Now halfway through the 2022–23 season, we have still yet to see the Calgary Flames pull things together and look like a true contender. After a disappointing first quarter of the season, the Flames were able to drag themselves back into a playoff spot this quarter but just barely. They still very much sit on the playoff bubble as we enter the second half.
Each quarter mark of the season we will assign a letter grade from A to F to each Flames player who logged over 100 minutes TOI in the quarter. These grades will take into consideration the 21 games between November 26, 2022, and January 8, 2023. The Flames finished the quarter with a 10–6–5 record, a slight improvement over their 9–8–3 record from the first quarter.
One positive is that the Flames’ underlying numbers were very strong and back to what we’ve come to expect, outside of high-danger chance creation. The Flames ranked second for CF%, 6th for xGF%, and 14th for HDCF% in the second quarter.
How do TWC’s POET rankings work?
A reminder that these rankings are based on a model that evaluates 5v5 play. In order to grade players, we will be using the TWC Player Offensive Evaluation Tool (POET).
The model operates similarly to the power rankings model we update on a weekly basis. The player model takes specific on-ice statistics including CF% at various danger levels, xGF%; individual statistics including goals, assists, offensive contributions, and penalty differentials; and includes an adjustment for time on ice, PDO, and offensive zone starts.
Each player’s statistics are put through the model and combined to produce an overall TWCScore. These scores are then compared to the rest of the league to determine what letter grade they fall into. If their TWC score is above 0 on their player cards then they are above average compared to all other players of the same position (forwards or defencemen).
It is important to note that the model is based on player performance at 5v5. This is not meant to diminish the efforts of the Flames work on special teams, but to be more representative of a players form against equal opposition. Only players with over 100 minutes at 5v5 were given grades. Let’s see who ranks where on the Flames squad.
All numbers are 5v5 score- and venue- adjusted (SVA) courtesy of NaturalStatTrick.com.
Is Tyler Toffoli the Flames’ best forward right now? He has a case. He’s certainly been one of their most consistent performers this season and nothing changed in the second quarter as he earns the highest grade among forwards.
Toffoli ranked fifth for CF%, xGF% and HDCF% in the quarter. Offensively he produced 10 points at 5v5 in 21 games. His 10 points were tied for second on the team, while his five goals at 5v5 were first on the entire team.
Toffoli is doing exactly what everyone expected of him when he was acquired. He’s been a perfect fit as a top-six right winger and his play has remained strong into the second half of the season.
Are we finally witnessing the long awaited Dillon Dube breakout season? His second quarter was perhaps his best quarter as a Calgary Flame. Dube is producing points at the best rate of his entire career right now.
Dube finished the quarter eighth for CF%, seventh for xGF%, and ninth for HDCF%. What earns him the second best grade among forwards is his team leading offensive production. Dube’s 13 5v5 points were first on the team, as were his nine assists and seven primary assists. His four goals were second behind only Toffoli.
Dube’s underlying numbers aren’t great, but he’s racking up even strength points right now which is a great sign for the Flames.
Is Andrew Mangiapane back? His second quarter looked much more like the Mangiapane we’ve come accustomed to. Back on the Flames’ shutdown line, his underlying numbers returned to form.
Mangiapane ranked second among Flames forwards for CF%, and third for xGF% and HDCF%. He also ranked first for CF/60, xGF/60. Elite. His offensive production wasn’t as imrpessive. He posted eight points and four points at 5v5 across the 21 games. His eight points were tied for fourth on the team. His four goals were tied for second though.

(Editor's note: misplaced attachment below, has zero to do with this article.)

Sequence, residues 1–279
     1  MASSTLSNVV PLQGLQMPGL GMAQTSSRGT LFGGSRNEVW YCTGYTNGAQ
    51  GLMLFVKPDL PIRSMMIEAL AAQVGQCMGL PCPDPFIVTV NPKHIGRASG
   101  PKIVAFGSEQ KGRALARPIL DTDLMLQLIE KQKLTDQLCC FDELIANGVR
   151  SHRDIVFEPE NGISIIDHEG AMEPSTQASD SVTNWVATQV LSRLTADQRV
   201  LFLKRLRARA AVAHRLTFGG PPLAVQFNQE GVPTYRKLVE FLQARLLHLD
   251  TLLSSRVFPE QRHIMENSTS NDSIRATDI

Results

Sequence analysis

Mangiapane has rounded back into his dominate two-way self of late, and the offensive production should come as well in no time.
I’ve been writing these report grades for a couple years now and I don’t think Mikael Backlund has ever come in below at least a B. Once again he was one of the Flames top forwards, even if his offensive production isn’t what it once was.
Backlund ranked first for CF%, second for xGF%, and first for HDCF%. He also ranked second for CF/60, xGF/60, and HDCF/60. #BacklundForSelke anyone? Offensively he posted nine points in the quarter, which was tied for third on the team. He produced only two goals at 5v5 though, which was second worst on the team. His 52 5v5 shots were first, so there’s some bad luck mixed in there.
Backlund continues to post elite two-way results despite entering his mid-30s and remained one of the teams best players in the second quarter.
There’s no doubt that Adam Ruzicka has been the surprise of the season thus far. Halfway through the season, he’s now a fulltime regular with the team.
Ruzicka finished the quarter fourth for CF%, xGF%, and HDCF%. Not bad for a player who’s been relegated to fourth line duties of late. Ruzicka posted eight points at 5v5, tied for fourth on the team. His seven assists were tied for second on the team behind only Dube.
Ruzicka has been a much needed extra offensive threat for the Flames. Unfortunately for reason’s unknown he’s found himself in Sutter’s doghouse. The Flames would benefit greatly if he were given a fair opportunity in the second half of the season.
Never break up Blake Coleman, Mangiapane and Backlund again. Coleman is always at his best playing with the duo and he showed that in the second quarter of the season.
Coleman ranked third for CF%, and second for both xGF% and HDCF%. Only Backlund ranked ahead of him. Coleman was also first for HDCF/60. What keeps him for earning an A grade is his complete lack of offensive production. Coleman put up just five points at 5v5, worst among forwards. His one primary assist was also worst. He did however rank first for ixG at 5.62 so the goals should come.
Coleman was a integral part of the Flames’ shutdown trio in the second quarter, and his offensive production is bound to go up soon.
Jonathan Huberdeau’s underlying numbers remained incredibly underwhelming this quarter, but the good news is his offensive production finally started to come around in the second quarter.
Huberdeau ranked ninth for CF%, and xGF%, as well as 10th for HDCF%. Not great. His 10 points at 5v5 were tied for second on the team however, while his seven assists and six primary assists both ranked tied for second behind only Dube. What’s concerning is his individual shot generation has been ugly. He put up only 16 shots at 5v5 across 21 games. The total was worst among Flames forwards. He also ranked last for xGF/60 and HDCF/60.
Huberdeau finally put up some solid point production this quarter which was nice to see, but his underlying numbers remained weak. The Flames need him to get back to being an MVP candidate, and fast. Playing away from Lucic will help.